Blend passion with good leadership – Holmes


HAVING passion for your work is one thing but making that desire work for your business is quite another, says Solwezi-based entrepreneur Melissa Holmes.

She says for one’s business to grow, there are a number of things one must get right.

“Finding a way for your passion to filter through to your employees is one of the most important things you can do as a startup if you are to survive on the country’s competitive business landscape,” she says.

Holmes was one of a group of women who travelled to Paris last year for Stanbic Bank’s annual Anakazi Banking international business trip.

She says one of the keys to being a successful entrepreneur is having strong leadership skills.

“Leadership is not gifted to a select few, it is something we can all learn and develop. You just need to find the right motivation to get you going,” she says.

Holmes is the proprietor of Shamel General Dealers Ltd, which she launched in 2011 as a small catering business. She started out supplying baked foods which she made herself to friends and family before eventually opening her restaurant in 2015.

Her passion for food and drive for success saw her business quickly grow into one of the best restaurants in Solwezi soon after.

Shamel Restaurant’s stellar performance was highlighted in 2018 when it was named Restaurant of the Year for North-Western Province by the North-Western Chamber of Commerce – a feat it repeated the following year.

Today, Holmes employs 42 people in her restaurant and two other catering outlets in Solwezi.
“Entrepreneurship kind of runs in the family,” she says. “When I was young, my mother was a successful business lady and I could see the confidence and happiness that it gave her. This gave me the appetite to start my own business one day and be my own boss to make decisions that would improve others and myself. When I moved back to Zambia in 2009 after a short stint abroad, I was fortunate enough to receive a few job offers. However, they were all out of town which meant being apart from my family which I was not prepared to do. So, I turned to an old hobby – cooking and baking – and started to nature my ability. I used my passion as a driving force for self-improvement and I got better each day.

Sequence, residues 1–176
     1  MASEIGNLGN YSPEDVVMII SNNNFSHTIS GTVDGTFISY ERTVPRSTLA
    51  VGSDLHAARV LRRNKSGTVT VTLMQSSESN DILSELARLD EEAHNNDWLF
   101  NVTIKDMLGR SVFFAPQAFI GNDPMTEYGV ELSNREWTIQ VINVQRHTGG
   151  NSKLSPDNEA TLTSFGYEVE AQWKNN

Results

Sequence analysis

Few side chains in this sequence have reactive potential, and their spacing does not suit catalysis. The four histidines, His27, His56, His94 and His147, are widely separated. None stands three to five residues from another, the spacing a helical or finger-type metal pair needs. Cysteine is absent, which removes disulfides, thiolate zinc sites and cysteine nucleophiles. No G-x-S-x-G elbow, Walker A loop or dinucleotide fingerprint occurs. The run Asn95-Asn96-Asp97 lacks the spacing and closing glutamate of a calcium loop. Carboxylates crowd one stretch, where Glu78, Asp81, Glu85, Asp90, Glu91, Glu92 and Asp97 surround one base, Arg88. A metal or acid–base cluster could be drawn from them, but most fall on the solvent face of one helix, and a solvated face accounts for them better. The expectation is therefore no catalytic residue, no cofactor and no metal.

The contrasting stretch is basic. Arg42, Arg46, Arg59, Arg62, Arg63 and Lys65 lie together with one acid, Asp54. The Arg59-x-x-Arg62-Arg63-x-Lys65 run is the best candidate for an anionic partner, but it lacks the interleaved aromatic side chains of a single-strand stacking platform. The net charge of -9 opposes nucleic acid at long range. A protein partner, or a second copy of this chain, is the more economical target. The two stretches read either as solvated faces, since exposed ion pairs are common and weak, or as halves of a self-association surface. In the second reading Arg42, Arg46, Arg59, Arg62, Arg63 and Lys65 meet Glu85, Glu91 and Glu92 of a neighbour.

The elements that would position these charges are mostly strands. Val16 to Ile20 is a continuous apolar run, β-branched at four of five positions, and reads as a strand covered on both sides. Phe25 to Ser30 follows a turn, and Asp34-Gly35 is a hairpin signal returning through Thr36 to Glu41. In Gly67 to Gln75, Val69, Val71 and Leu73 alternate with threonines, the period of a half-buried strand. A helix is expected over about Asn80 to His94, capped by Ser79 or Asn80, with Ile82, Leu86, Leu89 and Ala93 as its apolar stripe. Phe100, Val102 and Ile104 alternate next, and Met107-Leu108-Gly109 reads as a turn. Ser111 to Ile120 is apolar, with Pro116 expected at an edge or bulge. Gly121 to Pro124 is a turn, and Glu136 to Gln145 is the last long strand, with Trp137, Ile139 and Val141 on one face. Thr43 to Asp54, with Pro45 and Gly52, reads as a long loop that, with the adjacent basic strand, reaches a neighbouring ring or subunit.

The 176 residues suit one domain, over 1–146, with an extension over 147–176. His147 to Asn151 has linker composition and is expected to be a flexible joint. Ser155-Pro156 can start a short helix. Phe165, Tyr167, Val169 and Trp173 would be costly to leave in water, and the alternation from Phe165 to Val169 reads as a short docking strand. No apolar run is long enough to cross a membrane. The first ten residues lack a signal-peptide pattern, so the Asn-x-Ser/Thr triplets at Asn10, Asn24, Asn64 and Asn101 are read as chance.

“I started selling cupcakes which at the time was just a means to make some extra money as I wasn’t in formal employment. Thanks to support from my family and the overwhelming response from my early clients, I decided to open a catering business which grew into Shamel Restaurant. What has helped me sustain my growth is the tireless dedication exhibited by my staff. We are on the same wavelength in terms of work ethic and the need for excellence in what we do.”

Holmes says the key ingredient to success is to instill a sense of responsibility in the people one works with.

“To be the best at your job, you need to work as if you are working for yourself. That way, you prepare yourself for when you’ll have people working under you. I always try to groom my staff into capable leaders using the skills I have learned from different people and platforms like Stanbic’s Anakazi Banking over the years,” she says.

“Thanks to Stanbic’s Anakazi Banking, I have been able to make new business connections and grow my network. There is a lot you stand to learn when you interact with other business leaders. Personal growth is an ongoing thing and the more you are exposed to, the more you develop as a leader.

“I picked this up from the recent Anakazi Trip of the year where Stanbic Bank facilitated a business trip to Paris for Zambian businesswomen. It was an eye-opener for me. It was the ideal and timely exposure to new business trends, ideas and connections across a large spectrum – not just catering. These connections would have taken me a long time to make on my own thus the trip saved me time.

“It became clear to me that with Anakazi, it is not just about getting access to financial support to grow your business, it also introduces you to a huge pool of like-minded individuals. While success in business is largely affected by one’s character, it must be pointed out that there is no such thing as a perfect entrepreneurial personality. We all must pick traits from others and incorporate them into our way of doing things.”

She says all entrepreneurs face different challenges and one can learn from other people’s experiences.

“The restaurant business is demanding compounded by long and odd working hours with peak business mostly over weekends – meaning I am away from my family for extended periods of time. I had to find the right balance between work and my family life to ensure my presence wasn’t missed in either. This is an accomplishment I can share with another entrepreneur facing a similar challenge as I learn from their successes. That way, we share in our growth as businesswomen,” says Holmes.
“With the right attitude and ambition there is nothing that is impossible to achieve. We are our own limits to what we want to get out of life or business.”

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